Wireless Customer Relationship Management (CRM) has been kicking around awhile, but this is the year that it's supposed to come into its own, according to industry buzz. Now that the wireless infrastructure has expanded, devices have proliferated, and some of the security concerns have been addressed with new standards, many companies with a mobile sales force are taking a harder look at the benefits of anywhere-anytime access to their CRM applications. Wireless access promises to increase productivity for sales and service reps by giving them real-time access to customer information, even when they are out in the field.
In this article, we'll take a look at some of the major players and see what they are offering, as well as examine a few solutions that target the highly competitive small and medium business/enterprise market (SMB or SME).
Who's who in the wireless CRM market
PeopleSoft teamed with Research in Motion (RIM) to offer PeopleSoft® Enterprise Sales for BlackBerry™. Full-application functionality is delivered from the Java-based application that's installed on the Blackberry. Field reps can enter information once, and that data is stored simultaneously in the sales app and Outlook or IBM's Lotus Notes. When the device detects a wireless connection, it automatically syncs data with the core SFA (Sales Force Automation) system.
Siebel offers on-premises CRM, as well as hosted solutions for both large enterprises and SMBs. Siebel recently announced its partnership with wireless provider Good Technology to offer its hosted solution, CRM OnDemand. Wireless access is provided via Palm and PocketPC devices, and eventually, Symbian-powered handhelds and smartphones.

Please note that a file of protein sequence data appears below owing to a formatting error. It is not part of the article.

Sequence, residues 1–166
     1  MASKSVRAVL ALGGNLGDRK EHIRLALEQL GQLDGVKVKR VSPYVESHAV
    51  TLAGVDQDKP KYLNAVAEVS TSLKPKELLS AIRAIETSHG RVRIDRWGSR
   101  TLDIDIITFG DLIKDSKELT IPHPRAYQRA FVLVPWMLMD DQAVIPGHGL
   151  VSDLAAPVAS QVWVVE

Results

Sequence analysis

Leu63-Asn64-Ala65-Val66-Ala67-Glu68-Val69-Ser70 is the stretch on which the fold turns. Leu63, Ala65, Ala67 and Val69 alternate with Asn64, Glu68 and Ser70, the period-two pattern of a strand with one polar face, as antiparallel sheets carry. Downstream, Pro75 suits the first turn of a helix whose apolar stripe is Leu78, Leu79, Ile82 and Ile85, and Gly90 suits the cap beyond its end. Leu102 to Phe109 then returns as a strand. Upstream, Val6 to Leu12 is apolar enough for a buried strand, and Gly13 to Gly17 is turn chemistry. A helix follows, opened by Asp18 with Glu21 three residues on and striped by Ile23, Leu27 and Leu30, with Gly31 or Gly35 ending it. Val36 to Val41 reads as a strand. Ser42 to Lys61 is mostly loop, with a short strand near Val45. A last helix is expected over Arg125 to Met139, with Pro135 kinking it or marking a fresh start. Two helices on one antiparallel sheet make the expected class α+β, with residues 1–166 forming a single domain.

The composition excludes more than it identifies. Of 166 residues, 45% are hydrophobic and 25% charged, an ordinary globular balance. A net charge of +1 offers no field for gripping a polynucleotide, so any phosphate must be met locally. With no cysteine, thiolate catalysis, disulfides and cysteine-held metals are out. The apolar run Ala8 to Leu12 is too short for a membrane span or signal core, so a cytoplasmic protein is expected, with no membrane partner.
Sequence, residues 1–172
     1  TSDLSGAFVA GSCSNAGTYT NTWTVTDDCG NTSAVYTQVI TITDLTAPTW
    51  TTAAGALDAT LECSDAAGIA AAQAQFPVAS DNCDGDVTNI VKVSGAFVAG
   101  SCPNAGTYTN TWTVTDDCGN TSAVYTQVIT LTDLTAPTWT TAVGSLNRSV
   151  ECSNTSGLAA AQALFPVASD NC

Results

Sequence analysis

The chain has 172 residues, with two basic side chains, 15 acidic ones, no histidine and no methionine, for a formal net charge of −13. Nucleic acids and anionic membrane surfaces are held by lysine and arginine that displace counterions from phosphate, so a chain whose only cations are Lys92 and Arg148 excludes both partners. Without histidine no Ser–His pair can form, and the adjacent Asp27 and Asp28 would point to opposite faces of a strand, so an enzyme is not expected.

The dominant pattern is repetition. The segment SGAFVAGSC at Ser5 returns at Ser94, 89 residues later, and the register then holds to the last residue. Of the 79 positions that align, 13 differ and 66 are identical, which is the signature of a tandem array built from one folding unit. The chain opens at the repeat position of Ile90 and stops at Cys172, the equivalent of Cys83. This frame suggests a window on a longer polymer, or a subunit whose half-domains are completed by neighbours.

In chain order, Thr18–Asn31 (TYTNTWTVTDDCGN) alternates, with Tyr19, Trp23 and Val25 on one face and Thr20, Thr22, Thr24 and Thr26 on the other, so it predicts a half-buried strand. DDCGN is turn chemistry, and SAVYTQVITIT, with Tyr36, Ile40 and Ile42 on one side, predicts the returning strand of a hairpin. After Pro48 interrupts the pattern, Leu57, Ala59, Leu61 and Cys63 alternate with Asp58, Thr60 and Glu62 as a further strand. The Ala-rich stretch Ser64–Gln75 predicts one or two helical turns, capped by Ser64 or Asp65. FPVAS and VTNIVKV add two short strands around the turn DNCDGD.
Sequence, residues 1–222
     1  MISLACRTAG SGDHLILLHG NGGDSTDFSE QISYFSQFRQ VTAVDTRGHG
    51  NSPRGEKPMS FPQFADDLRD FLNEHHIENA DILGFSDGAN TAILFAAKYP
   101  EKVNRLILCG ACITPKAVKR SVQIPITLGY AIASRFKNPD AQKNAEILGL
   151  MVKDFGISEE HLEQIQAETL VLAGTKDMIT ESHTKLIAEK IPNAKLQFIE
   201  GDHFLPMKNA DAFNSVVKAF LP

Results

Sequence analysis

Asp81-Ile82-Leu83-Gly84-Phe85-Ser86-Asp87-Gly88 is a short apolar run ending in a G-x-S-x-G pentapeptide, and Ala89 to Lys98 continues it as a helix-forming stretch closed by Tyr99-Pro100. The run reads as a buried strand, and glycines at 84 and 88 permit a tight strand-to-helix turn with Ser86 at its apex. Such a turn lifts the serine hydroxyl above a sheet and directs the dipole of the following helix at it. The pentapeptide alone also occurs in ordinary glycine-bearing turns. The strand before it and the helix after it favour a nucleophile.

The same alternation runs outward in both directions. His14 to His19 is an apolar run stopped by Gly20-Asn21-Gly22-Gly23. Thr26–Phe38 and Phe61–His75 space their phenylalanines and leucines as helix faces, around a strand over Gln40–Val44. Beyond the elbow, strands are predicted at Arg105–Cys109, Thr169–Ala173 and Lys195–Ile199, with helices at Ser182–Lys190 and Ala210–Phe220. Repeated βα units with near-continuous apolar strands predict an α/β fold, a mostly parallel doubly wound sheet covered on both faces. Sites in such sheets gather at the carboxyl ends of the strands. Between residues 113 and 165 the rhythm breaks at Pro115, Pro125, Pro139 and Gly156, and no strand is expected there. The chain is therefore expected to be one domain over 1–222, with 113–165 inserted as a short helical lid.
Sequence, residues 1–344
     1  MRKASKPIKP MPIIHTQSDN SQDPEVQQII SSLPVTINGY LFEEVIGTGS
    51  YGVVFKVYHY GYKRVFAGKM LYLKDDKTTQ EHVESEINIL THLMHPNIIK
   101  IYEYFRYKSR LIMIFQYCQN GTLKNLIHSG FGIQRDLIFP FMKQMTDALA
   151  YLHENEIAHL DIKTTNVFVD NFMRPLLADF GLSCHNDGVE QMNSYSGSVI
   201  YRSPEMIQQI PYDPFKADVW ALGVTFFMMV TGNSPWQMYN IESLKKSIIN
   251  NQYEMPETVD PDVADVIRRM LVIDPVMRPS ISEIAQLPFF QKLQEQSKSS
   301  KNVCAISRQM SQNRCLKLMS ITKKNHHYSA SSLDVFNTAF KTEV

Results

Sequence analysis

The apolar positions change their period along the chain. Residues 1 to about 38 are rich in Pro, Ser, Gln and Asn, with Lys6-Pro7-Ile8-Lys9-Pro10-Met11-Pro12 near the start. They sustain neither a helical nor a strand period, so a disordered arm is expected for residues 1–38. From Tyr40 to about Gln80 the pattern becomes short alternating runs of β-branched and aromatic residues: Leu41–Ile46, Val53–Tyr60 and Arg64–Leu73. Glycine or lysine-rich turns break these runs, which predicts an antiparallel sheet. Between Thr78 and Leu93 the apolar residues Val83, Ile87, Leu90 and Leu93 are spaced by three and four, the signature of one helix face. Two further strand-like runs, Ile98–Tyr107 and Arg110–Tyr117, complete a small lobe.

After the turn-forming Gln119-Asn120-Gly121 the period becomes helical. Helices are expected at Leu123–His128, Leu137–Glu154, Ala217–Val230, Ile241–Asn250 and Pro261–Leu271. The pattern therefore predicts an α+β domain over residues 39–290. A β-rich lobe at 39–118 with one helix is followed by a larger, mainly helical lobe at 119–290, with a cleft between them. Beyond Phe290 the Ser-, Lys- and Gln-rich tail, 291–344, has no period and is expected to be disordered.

mySAP CRM offers wireless access to field reps through a variety of devices: laptops, PDAs, and other handhelds. Mobile workers have access to core sales CRM functionality, including sales forecasting, sales pipeline data analysis, task management, quote generation, and submitting sales orders. The solutions can be tailored to the size of the enterprise, as well as the specific industry.
Microsoft CRM Mobile 1.2 targets the SMB market and divisions of larger enterprises. It is completely integrated with its CRM app, offering full-functionality from a Pocket PC or Pocket PC Phone Edition with Windows Mobile 2003 software. Even customizable forms are available in the mobile edition via the .NET Compact Framework.
IBM is making a strong bid in the mobile SMB market, partnering with Siebel to develop CRM solutions (including CRM OnDemand) on its WebSphere platform. It has become a market leader in providing pre-packaged, industry-specific wireless solutions.
iAnywhere, a subsidiary of Sybase, provides mobile middleware, databases, and device management for CRM applications, such as ProspectSoft, which offers completely modular suites of CRM and other business management systems for SMBs. Wireless ProspectSoft is optimized for Intel's Centrino mobile technology on laptops and a variety of handheld devices.
This hosted CRM solution offers a Wireless Edition that is free to its Enterprise Edition customers. Via RIM Blackberry, wireless PDAs, or a WAP-enabled mobile phone, mobile workers have a real-time connection to salesforce.com with no need to sync data. It also supports natural-language queries that are interpreted by the application for ease-of-use. Salesforce.com recently announced its partnership with Nextel for its wireless service.
Saleslogix, from parent company Best Software, targets SMBs with its CRM offerings. Its full-featured CRM solution, which is available via the PocketPC device gives sales reps the ability to view, add, and edit contacts and accounts; complete tickets; schedule meetings; and more.
Hosting both the CRM application and the data, Salesnet is sold by subscription in a range of editions, according to the size of the enterprise and the type of industry. It claims to be the first wireless CRM application available on RIM Blackberry, as well as the first to include IM chat to a CRM system.